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Video: Amazing Computer Chips Replicate the Functions of Human Organs

Organs-on-Chips Design Human Organs

A clear plastic chip that’s no bigger than a small computer memory stick replicates the functionality of human organs and might prove to be important for the future of the pharmaceutical industry, as it could replace animal testing and speed up new drug development.

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The chip, Wired reports, has won London’s Design Museum’s Design of the Year award and is being added to the Museum of Modern Art’s permanent collection.

First conceived in 2010 by Harvard’s Wyss Institute for Biologically Inspired Engineering, the Organs-On-Chips product was turned into a real product by Emulate, a company started by Harvard researchers.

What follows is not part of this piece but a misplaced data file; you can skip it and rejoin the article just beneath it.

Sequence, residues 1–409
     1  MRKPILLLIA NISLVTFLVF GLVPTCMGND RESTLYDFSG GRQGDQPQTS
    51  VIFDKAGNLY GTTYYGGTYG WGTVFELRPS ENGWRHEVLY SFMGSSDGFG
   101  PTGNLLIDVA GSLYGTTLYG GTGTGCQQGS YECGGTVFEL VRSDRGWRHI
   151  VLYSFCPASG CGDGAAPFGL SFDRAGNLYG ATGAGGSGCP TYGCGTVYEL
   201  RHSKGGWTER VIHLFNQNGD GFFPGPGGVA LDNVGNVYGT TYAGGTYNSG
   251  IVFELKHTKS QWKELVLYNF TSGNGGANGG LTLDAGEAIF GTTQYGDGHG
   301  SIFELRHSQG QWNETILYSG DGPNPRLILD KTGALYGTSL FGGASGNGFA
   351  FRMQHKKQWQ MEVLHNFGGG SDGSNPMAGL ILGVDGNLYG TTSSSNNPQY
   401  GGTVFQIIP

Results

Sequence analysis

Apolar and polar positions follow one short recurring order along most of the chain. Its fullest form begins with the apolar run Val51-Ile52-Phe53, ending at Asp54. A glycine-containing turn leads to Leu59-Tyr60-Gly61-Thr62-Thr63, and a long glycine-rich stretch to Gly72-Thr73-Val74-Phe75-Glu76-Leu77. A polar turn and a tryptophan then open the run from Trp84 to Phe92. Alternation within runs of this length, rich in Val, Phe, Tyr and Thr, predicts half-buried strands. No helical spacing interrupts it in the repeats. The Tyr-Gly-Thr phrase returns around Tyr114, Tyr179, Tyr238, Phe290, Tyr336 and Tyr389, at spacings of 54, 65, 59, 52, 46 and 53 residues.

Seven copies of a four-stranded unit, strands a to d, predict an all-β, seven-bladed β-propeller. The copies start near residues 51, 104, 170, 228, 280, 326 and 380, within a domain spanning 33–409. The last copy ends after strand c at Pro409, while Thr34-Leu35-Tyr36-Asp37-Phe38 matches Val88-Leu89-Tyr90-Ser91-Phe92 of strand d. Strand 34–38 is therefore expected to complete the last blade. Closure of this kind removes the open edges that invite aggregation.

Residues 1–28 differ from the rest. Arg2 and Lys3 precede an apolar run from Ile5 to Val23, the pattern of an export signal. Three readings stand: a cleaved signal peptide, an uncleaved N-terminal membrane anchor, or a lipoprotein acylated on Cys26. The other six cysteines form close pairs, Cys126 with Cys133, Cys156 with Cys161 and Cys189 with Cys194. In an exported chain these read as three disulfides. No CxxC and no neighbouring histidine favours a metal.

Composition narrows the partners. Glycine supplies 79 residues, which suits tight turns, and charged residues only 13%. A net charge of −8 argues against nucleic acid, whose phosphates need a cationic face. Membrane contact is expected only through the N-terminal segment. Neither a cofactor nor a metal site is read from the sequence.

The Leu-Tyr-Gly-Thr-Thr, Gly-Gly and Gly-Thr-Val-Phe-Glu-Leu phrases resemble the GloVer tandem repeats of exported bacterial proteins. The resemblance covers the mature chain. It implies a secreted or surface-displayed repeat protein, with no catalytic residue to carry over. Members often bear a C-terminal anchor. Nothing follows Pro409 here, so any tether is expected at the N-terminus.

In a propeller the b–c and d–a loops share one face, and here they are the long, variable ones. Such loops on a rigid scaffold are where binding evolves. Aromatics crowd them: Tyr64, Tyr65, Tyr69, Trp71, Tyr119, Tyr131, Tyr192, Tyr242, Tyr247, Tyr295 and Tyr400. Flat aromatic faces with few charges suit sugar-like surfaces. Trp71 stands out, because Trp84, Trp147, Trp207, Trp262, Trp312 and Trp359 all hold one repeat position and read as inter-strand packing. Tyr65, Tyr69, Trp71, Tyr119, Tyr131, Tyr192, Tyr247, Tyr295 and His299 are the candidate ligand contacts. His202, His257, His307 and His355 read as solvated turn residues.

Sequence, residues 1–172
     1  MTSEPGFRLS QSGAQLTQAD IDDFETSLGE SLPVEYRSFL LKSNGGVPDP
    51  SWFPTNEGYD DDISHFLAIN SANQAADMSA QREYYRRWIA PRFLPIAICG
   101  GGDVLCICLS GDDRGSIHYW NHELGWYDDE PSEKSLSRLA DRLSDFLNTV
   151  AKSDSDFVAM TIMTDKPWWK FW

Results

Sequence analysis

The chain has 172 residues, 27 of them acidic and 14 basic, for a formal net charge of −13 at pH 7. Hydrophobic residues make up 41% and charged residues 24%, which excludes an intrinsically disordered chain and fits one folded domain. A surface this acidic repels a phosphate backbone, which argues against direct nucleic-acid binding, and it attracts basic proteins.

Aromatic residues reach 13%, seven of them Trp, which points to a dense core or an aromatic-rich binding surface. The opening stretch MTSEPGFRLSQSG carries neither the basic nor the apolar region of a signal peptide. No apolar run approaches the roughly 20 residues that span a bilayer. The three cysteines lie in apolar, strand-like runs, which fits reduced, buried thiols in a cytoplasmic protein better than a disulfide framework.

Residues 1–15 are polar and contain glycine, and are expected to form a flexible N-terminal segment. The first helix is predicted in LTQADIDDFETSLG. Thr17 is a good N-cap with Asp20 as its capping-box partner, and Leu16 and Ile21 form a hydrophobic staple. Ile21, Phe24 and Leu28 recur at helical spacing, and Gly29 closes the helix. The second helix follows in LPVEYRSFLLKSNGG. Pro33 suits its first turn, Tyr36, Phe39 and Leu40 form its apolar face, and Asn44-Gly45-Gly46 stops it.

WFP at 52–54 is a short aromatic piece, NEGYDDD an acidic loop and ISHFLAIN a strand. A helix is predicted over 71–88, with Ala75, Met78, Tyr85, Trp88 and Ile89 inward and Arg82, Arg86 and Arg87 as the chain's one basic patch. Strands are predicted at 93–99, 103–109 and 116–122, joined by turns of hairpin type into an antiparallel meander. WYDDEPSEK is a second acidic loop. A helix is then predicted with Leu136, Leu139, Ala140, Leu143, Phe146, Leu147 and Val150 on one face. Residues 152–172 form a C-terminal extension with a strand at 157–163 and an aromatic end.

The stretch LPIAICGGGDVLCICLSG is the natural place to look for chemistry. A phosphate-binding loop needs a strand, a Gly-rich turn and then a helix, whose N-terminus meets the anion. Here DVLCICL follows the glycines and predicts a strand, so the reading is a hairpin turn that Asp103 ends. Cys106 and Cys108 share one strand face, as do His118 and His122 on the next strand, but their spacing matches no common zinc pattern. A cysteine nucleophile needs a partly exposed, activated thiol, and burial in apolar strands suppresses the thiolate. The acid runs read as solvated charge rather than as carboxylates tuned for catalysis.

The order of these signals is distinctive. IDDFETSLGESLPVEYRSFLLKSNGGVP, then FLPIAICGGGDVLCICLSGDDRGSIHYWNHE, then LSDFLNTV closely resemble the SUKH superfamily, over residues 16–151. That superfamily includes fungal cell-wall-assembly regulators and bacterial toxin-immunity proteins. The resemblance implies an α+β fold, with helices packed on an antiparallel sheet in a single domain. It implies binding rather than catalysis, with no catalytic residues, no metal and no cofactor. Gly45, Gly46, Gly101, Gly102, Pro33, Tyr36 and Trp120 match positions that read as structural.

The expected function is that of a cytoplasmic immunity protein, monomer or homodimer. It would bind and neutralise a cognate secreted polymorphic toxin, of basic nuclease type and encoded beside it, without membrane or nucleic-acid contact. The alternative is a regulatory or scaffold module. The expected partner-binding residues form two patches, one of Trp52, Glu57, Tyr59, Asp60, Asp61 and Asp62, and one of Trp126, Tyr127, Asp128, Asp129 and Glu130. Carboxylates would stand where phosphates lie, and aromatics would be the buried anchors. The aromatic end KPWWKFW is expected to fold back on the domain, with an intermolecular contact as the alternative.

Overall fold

Emulate is now working with companies including Johnson and Johnson on pre-clinical trial testing. The Organs-On-Chips designs can mimic a variety of organs including lungs, intestines, livers, kidneys and hearts, making them prime testbeds for pharmaceuticals.

Not only will Organs-on-Chips help companies reduce their reliance on animal testing, but they might also speed up the development of new drugs. Johnson and Johnson’s apparently wants to introduce the chip in its R&D programs.

The chip’s design, as you can see in the following video, is simply amazing, as it lets doctors replicate a human organ and then test and observe the various effects certain drugs might have on it.

The chip has human tissue and blood vessels all packed in a transparent polymer than lets users observe what’s happening during tests. Other factors such as breathing or hypertension can also be easily simulated during tests. Furthermore, the chips can be linked together to form a whole-body network of organs.

The short video below explains how the chip works.

Chris Smith started writing about gadgets as a hobby, and before he knew it he was sharing his views on tech stuff with readers around the world. Whenever he's not writing about gadgets he miserably fails to stay away from them, although he desperately tries. But that's not necessarily a bad thing.

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